To attempt to understand this problem, certain concepts and definitions need to be laid out at the beginning to better understand the complexity of this subject.

Air pollution, optics, radiative transfer methodology, information on atmospheric construction, along with models and statistics are all utilized in this chapter to show the complexity of the interaction of ultraviolet UV radiation with air pollution. Because of the nature of UV radiation and its interaction with the atmosphere and its constituents, certain parameters and their known effects on the UV will be explained first so that the reader gets a perspective of the variations that the role of air pollution can play in the earth's UV field. UV radiation, while making up only 1.5% of the total radiation that the earth receives, is the most energetic. Its shorter wavelengths make it highly susceptible for interception by almost anything in its path. Since the earth's climate is constantly changing, the UV that reaches the surface is also changing.

11.1.1 Factors Affecting UV Flux at the Earth's Surface

• Solar zenith angle

• Stratospheric ozone

• Atmospheric density

• Air pollution (gases and aerosols) Solar Zenith Angle

If one goes from New York to the Bahamas for a winter vacation, there is a known increase in the UV just from the change in latitude, and thus, the solar zenith angle (SZA) (Fig. 11.1). The same occurs on a summer's day where the solar angle (dependant on latitude) can change dramatically. Ultraviolet radiation around solar noon has its shortest path length to the surface and thus, its greatest intensities. To further increase the UV exposure, one only needs to go to a higher altitude in a lower latitude situation. Here, there is less atmosphere to scatter and absorb the UV and generally, as in the case of Mauna Loa, HI, a very clean environment in which to calibrate the very monitors that measure the surface UV in the more polluted regions of the earth. Ultraviolet-B (UV-B) radiation (280 nm - 320 nm)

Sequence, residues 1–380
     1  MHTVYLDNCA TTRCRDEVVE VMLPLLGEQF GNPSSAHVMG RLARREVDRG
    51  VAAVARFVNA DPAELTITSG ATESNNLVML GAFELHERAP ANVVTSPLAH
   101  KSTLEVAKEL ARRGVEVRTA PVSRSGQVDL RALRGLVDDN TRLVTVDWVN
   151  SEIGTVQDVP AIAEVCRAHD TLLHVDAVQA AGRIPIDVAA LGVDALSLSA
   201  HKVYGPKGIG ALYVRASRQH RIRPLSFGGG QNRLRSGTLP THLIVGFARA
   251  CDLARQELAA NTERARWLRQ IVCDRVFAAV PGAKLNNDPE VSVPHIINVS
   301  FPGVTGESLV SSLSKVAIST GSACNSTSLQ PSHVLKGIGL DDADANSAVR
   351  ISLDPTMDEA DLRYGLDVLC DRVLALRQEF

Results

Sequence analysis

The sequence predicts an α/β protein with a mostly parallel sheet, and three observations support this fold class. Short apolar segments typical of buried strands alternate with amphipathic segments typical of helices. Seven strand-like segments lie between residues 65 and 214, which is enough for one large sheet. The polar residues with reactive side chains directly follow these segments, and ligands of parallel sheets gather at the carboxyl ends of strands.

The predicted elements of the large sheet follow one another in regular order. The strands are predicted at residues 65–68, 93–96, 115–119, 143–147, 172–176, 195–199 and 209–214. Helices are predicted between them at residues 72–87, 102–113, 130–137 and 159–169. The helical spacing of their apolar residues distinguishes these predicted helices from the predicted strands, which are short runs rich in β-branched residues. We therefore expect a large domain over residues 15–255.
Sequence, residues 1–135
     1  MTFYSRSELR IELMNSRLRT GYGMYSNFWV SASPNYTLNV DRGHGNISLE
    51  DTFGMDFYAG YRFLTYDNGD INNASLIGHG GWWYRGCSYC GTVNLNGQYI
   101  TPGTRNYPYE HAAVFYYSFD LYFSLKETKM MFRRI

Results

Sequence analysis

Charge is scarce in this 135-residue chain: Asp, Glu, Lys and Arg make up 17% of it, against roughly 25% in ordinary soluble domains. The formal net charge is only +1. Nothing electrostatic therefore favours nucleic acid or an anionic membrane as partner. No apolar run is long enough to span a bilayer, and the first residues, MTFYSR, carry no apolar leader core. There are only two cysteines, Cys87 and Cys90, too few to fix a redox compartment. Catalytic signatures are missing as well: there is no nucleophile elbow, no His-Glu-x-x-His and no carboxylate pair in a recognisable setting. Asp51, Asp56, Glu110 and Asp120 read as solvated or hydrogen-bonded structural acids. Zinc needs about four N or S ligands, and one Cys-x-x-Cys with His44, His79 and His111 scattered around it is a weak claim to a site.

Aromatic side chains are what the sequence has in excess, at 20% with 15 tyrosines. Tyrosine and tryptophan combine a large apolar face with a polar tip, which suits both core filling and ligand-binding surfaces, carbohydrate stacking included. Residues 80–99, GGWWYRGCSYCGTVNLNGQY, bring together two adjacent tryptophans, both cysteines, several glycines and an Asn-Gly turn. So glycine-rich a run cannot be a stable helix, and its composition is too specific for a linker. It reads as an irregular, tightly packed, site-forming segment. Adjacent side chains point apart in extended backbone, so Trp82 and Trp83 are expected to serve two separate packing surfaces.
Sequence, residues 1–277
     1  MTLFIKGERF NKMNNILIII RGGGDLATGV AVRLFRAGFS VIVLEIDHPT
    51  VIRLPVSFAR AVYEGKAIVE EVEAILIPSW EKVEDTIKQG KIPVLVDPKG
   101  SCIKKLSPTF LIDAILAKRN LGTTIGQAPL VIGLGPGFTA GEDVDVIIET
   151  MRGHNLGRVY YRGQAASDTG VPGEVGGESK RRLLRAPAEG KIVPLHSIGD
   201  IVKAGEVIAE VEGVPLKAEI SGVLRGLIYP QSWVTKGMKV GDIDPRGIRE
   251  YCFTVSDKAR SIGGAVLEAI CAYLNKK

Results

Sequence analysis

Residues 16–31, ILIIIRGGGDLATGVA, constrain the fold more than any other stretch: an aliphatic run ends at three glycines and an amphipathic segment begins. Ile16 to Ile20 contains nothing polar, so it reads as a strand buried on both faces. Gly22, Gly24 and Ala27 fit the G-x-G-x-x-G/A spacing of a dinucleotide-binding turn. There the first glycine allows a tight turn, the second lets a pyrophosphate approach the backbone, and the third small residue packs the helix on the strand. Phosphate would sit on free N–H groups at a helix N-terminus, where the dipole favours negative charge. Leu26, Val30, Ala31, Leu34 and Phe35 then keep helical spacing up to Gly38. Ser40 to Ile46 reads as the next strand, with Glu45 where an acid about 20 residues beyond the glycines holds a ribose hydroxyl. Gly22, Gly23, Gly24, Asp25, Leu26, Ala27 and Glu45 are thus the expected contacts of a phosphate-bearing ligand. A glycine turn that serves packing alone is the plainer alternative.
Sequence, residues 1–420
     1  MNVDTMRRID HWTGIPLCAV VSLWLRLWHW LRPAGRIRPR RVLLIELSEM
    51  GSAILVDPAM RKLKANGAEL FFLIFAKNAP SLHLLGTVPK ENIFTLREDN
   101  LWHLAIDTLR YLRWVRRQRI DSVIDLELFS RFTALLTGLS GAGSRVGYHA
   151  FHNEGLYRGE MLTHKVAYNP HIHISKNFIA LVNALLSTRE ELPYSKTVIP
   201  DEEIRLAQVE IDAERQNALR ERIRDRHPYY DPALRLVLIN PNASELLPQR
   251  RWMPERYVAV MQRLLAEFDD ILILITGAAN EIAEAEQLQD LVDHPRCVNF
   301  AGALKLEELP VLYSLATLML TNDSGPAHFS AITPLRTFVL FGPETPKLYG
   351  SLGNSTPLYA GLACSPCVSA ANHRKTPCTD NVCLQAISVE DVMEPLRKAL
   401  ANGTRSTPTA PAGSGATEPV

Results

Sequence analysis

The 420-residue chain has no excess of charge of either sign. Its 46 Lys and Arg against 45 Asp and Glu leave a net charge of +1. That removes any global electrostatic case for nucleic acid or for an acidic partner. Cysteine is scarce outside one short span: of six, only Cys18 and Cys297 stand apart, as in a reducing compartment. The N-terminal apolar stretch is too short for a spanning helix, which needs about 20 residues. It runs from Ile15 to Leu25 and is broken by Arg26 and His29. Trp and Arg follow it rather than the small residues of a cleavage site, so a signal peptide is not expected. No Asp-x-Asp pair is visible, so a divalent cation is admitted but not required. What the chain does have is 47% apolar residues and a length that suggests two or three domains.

Radiometer-measures irradiance Figure 11.1 Solar zenith angle

-measures irradiance

Radiometer-measures irradiance Figure 11.1 Solar zenith angle

-measures irradiance comprises roughly 1.5% of the total extraterrestrial solar irradiance and 0.5% of incident irradiance at the earth's surface. Ultraviolet-A (UV-A) radiation encompasses the wavelength region from 320 nm - 400 nm. Ultraviolet radiation has both a daily component that resembles the bell shape distribution curve and a seasonal component that can be expressed with a combination of sine and cosine functions dependant on the Julian date. The daily component's shape is dependant on the wavelength. The shorter wavelengths of 300 nm - 310 nm are generally not observed until the sun has risen past 9:00 a.m. local time in the summer. The longer wavelengths 360 nm - 400 nm exist in the daylight sky from sunrise until sunset.

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